How Long Are We Going To Keep Doing This?
…..We Never Thought About Stopping
So The Answer is “As Long As It Takes”
It will be 10 years on December 9th, 2019 since we sent a container of needed supplies to Malawi. How time flies! Although the container helped many people, their number one concern was the water. Because of water borne diseases adults couldn’t work or start small businesses, children were dying from cholera, dysentery and diarrhea. In December 2011 we started the Malawi Water Project.
This year was full of excitement but also heartbreak.
We were very sad to learn that Esther Mponda, who was herself an orphan at thirteen and responsible for raising 3 younger siblings unfortunately has recently died in her early 40’s. You may have heard me talk about Father Raphael Mponda the young priest who was instrumental in getting our water project off the ground in Malawi. Esther was Raphael’s wife. Her death is a great loss not only for her husband Raphael and their three children but for their community. Esther was very involved in helping others.
What have we accomplished since the Project began?
As of September 2019 we have installed 2,459 filters bringing clean water to 19,668 people.
Our monitoring system allows us to use GPS coordinates to locate each filter.
Along with drinking clean water, it is crucial for villagers to change their behaviour to improve their sanitation and hygiene. Part of our involvement in a village is to teach families how to protect themselves against water borne diseases.
We have held 147 Community Health Meetings enabling us to reach 14,206 people with information on proper sanitation and hygiene.
Currently we are operating in two locations in Malawi, one in the North and one in the South. We have a very enthusiastic team.
Our team has had extensive training on how to properly construct, install and maintain the biosand water filter. They have been taught how to follow-up with every filter and set goals with each household assisting them in changing their behaviour to incorporate proper sanitation and hygiene in their daily routine. We emphasize how important it is to keep accurate records and have taught the team how to use computers.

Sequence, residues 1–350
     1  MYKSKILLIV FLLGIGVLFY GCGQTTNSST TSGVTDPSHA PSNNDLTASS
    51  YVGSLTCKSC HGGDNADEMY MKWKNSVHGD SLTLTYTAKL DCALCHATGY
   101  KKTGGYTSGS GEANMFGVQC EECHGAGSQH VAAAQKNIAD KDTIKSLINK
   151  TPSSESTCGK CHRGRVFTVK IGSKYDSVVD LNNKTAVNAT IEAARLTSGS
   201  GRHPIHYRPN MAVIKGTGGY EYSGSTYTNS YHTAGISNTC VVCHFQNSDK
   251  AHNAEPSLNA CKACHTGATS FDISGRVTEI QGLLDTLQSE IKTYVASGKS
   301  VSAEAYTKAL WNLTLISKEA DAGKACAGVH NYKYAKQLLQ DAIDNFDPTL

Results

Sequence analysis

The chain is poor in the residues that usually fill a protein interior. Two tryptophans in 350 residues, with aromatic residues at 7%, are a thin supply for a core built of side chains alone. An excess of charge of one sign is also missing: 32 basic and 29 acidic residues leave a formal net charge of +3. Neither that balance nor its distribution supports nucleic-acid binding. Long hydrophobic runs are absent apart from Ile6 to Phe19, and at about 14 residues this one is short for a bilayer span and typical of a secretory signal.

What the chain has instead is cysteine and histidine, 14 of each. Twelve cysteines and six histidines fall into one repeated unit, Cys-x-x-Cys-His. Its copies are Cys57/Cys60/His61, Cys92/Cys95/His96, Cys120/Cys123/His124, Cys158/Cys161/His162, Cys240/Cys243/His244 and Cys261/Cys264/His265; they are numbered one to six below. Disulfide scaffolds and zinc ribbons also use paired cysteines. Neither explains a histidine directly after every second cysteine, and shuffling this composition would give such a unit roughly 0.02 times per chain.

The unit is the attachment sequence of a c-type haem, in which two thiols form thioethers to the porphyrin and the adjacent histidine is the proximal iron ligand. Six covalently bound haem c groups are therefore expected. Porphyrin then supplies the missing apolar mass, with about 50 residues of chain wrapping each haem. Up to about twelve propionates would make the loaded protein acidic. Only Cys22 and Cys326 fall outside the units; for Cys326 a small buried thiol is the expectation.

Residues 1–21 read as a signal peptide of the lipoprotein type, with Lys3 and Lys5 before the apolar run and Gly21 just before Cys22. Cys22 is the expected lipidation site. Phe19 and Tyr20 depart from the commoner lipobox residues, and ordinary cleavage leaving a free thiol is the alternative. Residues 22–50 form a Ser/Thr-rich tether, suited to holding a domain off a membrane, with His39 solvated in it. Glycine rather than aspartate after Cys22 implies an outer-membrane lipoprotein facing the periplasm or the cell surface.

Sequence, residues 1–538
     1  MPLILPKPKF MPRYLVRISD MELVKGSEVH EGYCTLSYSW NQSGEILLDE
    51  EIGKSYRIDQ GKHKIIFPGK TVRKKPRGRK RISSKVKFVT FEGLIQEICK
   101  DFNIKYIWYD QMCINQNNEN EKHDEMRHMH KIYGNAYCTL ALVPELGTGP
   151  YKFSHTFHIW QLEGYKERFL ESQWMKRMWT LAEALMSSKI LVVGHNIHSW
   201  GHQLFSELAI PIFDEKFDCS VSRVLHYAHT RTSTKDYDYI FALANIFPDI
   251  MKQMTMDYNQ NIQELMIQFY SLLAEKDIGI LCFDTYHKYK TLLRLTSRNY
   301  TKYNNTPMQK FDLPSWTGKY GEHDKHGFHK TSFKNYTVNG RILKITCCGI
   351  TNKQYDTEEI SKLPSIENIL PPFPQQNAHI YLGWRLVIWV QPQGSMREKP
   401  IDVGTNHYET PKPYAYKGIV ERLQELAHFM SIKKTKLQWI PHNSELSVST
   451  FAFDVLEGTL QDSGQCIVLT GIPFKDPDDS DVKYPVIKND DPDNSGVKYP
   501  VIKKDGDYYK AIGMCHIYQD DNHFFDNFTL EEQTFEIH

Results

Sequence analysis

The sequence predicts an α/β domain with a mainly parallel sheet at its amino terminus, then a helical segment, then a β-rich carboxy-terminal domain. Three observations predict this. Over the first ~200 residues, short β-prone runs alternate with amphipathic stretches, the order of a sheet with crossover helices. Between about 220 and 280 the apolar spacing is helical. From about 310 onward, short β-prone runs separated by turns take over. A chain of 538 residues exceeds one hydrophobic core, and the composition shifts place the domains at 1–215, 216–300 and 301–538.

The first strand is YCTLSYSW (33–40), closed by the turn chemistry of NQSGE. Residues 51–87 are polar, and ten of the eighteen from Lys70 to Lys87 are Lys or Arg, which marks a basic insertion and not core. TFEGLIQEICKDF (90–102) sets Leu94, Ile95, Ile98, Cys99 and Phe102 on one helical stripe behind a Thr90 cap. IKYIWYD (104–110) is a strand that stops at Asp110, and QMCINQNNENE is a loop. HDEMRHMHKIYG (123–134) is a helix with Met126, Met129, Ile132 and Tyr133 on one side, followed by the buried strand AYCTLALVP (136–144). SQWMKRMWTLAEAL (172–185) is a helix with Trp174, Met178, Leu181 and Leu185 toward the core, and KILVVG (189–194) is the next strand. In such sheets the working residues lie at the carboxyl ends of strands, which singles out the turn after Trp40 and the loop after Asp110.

As part of our team we have a group of very confident young women. It has been proven that as many as 30—50% of water, sanitation, and hygiene (WASH) projects fail after two to five years. One reason why they fail is that they don’t include increasing the knowledge and training of individuals living in the country and working in the Project. Excluding women from water, sanitation and hygiene project planning is another key factor.
Our Project follows a system
We determine whether or not we work with a village after meeting with the Village Head or Chief. If he or she is interested in working along side of us we hold a community WASH (Water, Sanitation and Hygiene) meeting to explain how dirty water is making their village sick. The team explains how families can improve their village by using proper sanitation and hygiene practices.
The village Chief assigns a committee of volunteers who work with our team members to go to households and assist with the training on sanitation and hygiene so that the home meets all requirements for a healthy home. The team members show the participants a filter and explain how it works.The villagers sign up if they want to purchase a filter for a nominal fee. It is important that beneficiaries pay something toward their filter. They then have pride of ownership and just like us, they take better care of things they have worked for.
As we all know, changing our behaviour is the most difficult thing for us to do. Our trained staff work along side villagers to teach them how to have a proper clean latrine (pit toilet), how to construct a hand washing station, how to use a dish drying rack and clothes line to disinfect clothes, blankets and dishes. They are taught to dig a rubbish pit and construct a bath house. They are taught how to use a clean designated container for filtered water.
The number of changes we are recommending that the villages make can be overwhelming so it takes time and encouragement to reach all of these goals. Developing the infrastructure can be costly for the family. Competition can add fun to making the changes.
How do we measure success?
We are committed to sustainability. Sustainability to us means that the villages we are working with will spread their knowledge and inspire other villages to follow their example to improve their health. We also are working hard to increase our partnerships within Malawi. We are becoming recognized by International organizations. In partnership with St. John Ambulance we have developed a Guidebook for Volunteers who are working in their villages to improve health, sanitation and hygiene. The Guidebook has been translated into Chichewa and is valuable not only for St. John volunteers but for our volunteers as well.